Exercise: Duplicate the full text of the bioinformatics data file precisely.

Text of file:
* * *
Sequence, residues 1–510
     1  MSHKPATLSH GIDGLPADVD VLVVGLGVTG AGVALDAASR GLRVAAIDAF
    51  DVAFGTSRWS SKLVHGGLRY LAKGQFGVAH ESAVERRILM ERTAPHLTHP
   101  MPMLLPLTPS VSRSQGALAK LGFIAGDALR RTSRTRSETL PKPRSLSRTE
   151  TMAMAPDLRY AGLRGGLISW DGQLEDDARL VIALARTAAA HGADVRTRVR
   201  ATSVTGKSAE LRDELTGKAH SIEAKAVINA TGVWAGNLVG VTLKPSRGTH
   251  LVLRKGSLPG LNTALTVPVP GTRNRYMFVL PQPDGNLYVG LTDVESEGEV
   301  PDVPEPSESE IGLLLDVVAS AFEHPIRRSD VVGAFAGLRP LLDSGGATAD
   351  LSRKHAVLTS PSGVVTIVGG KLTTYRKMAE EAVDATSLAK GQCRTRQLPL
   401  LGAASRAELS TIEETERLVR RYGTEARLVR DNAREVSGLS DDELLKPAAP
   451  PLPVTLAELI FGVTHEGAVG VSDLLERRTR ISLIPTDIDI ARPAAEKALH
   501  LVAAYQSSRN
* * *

Sequence, residues 1–510
     1  MSHKPATLSH GIDGLPADVD VLVVGLGVTG AGVALDAASR GLRVAAIDAF
    51  DVAFGTSRWS SKLVHGGLRY LAKGQFGVAH ESAVERRILM ERTAPHLTHP
   101  MPMLLPLTPS VSRSQGALAK LGFIAGDALR RTSRTRSETL PKPRSLSRTE
   151  TMAMAPDLRY AGLRGGLISW DGQLEDDARL VIALARTAAA HGADVRTRVR
   201  ATSVTGKSAE LRDELTGKAH SIEAKAVINA TGVWAGNLVG VTLKPSRGTH
   251  LVLRKGSLPG LNTALTVPVP GTRNRYMFVL PQPDGNLYVG LTDVESEGEV
   301  PDVPEPSESE IGLLLDVVAS AFEHPIRRSD VVGAFAGLRP LLDSGGATAD
   351  LSRKHAVLTS PSGVVTIVGG KLTTYRKMAE EAVDATSLAK GQCRTRQLPL
   401  LGAASRAELS TIEETERLVR RYGTEARLVR DNAREVSGLS DDELLKPAAP
   451  PLPVTLAELI FGVTHEGAVG VSDLLERRTR ISLIPTDIDI ARPAAEKALH
   501  LVAAYQSSRN